5. See generally, for example, Committee on Federal Courts of the New York State Bar Association, Pro Se Litigation in the Second Circuit, 62 St John’s L Rev 571 (1988) (suggesting solutions to combat an exploding pro se docket); Benjamin H. Barton and Stephanos Bibas, Triaging Appointed-Counsel Funding and Pro Se Access to Justice, 160 U Pa L Rev 967 (2012) (arguing that there are more cost-efficient approaches to improving pro se litigation than a constitutional right to counsel in civil cases because of the considerable resources that it would require).

attorney-client relationship—whereas approximately two-thirds retained their units after receiving both unbundled legal assistance and representation by counsel.58 Overall, though the body of evidence is still limited, the empirical evidence suggests that providing lawyers for pro se litigants substantially improves case outcomes for those litigants. Critically, this implies that providing adequate access to counsel may substantially improve case outcomes for a meaningful percentage of pro se litigants.59


2. Most district courts require you to have an original copy, a copy for each defendant, and an extra. Ask your clerk if they require more copies, and don't forget to keep a copy for yourself. 3. When you go to the district court's office, follow the clerk's instruction. They tend to be very helpful, and will usually lead you through the rest of the process. The clerk will give you a civil cover sheet to fill out while you are there. That cover sheet will be attached to your Pro Se. The clerk will help you, if you need assistance.
Pro Se is a newsletter published bi-monthly by Prisoners’ Legal Services of New York for incarcerated individuals in New York State prisons. Pro Se provides information and analysis on recent developments in the law. Pro Se advises people in prison of changes in the law, provides practice pieces to assist them in complying with statutory and regulatory requirements, and explains technical aspects of various laws affecting prisoners. Pro Se is sent free of charge to individuals incarcerated in New York State who request to be placed on our mailing list.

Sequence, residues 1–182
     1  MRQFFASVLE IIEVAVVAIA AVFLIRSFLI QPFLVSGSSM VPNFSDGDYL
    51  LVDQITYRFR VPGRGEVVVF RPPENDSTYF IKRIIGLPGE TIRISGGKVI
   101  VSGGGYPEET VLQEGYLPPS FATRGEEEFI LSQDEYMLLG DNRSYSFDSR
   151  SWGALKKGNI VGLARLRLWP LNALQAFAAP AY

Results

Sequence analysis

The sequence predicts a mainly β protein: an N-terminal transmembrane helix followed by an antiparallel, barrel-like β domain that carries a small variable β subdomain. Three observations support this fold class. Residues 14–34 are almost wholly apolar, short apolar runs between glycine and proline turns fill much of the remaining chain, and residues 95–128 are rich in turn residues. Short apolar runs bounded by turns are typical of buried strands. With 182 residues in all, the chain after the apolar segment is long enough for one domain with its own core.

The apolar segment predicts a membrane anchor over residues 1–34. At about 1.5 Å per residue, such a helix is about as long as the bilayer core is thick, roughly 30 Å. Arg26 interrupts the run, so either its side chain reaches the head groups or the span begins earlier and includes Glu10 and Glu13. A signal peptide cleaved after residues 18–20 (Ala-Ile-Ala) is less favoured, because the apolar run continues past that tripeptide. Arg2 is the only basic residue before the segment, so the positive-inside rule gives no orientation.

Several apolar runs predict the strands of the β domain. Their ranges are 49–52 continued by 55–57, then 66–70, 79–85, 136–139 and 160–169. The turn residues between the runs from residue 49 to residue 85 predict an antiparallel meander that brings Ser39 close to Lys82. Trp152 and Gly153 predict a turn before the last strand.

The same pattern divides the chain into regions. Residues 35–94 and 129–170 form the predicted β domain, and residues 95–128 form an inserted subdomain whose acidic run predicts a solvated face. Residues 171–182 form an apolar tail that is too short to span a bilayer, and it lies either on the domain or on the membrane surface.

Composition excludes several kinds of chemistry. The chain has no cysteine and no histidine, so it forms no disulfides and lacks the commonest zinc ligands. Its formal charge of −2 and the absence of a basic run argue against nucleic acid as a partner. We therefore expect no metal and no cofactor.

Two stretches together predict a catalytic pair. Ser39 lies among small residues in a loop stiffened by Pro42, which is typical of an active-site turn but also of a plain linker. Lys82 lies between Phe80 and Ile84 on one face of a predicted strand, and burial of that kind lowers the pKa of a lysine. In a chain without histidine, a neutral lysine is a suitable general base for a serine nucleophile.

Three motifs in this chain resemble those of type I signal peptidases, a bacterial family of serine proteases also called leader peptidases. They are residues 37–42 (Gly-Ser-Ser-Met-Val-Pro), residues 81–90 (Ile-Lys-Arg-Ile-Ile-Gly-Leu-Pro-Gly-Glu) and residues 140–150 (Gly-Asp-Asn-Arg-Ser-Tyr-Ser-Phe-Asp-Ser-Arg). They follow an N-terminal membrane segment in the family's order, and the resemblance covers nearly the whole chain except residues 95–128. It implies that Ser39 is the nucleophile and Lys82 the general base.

43. Id at 447–48 (citations omitted). Note that safeguards, such as additional forms to elicit relevant information or additional notice about critical issues, are potentially similar, though not identical, to reforms such as giving pro se litigants access to an electronic version of the docket or allowing additional communication with a clerk at the court (the reforms analyzed in Part III).

We strongly recommend that you prepare a trial notebook. A trial notebook is a series of outlines covering matters such as what you must prove (or, if you are a defendant, disprove); the evidence you will use to prove (or disprove) those matters; the topics you intend to cover on direct and cross-examination; a list of the names, addresses, and telephone numbers of your witnesses; and the ­exhibits you plan to introduce into evidence. The notebook serves as your courtroom manager. You can refer to it to make sure that you do not overlook evidence you planned to offer or an argument you intended to make.
 THE COURT AND CLERKS DO NOT COLLECT THE  MONEY. The responsibility for that is on plaintiff, but the Court and the Pro Se Staff in  Room 602 will assist in the process. Some defendants are unwilling to pay and trying to collect requires time and patience. In seeking to collect,  plaintiff has a right to telephone the  defendant at reasonable times. Some of the  principal steps that may be taken to collect a judgment are:
This book can guide you through nearly every kind of trial in every court system (state or federal) because the litigation process is remarkably uniform throughout all of them. In part, this is because federal courts and most state courts share a “common law” heritage—a way of trying cases that came over from England and developed along with the country. And, in part, it is because many local procedures are consistent with national legal codes (sets of rules and regulations).
An attorney who represents himself or herself in a matter is still considered a pro se litigant. Self-representation by attorneys has frequently been the subject of criticism, disapproval, or satire, with the most famous pronouncement on the issue being British poet Samuel Johnson's[citation needed] aphorism that "the attorney who represents himself in court has a fool for a client."
One of the most important aspects of pro se litigation in federal district courts is that pro se litigants fare extremely poorly. This is generally understood in the literature.82 However, the magnitude of the disparity between pro se and represented litigants is not always highlighted. Accordingly, this Section presents statistics on typical outcomes for represented and pro se litigants in trial. Tables 2.2 and 2.3 show the win rates of plaintiffs and defendants in cases that reach a final judgment based on whether both parties are represented, the plaintiff is proceeding pro se, or the defendant is proceeding pro se.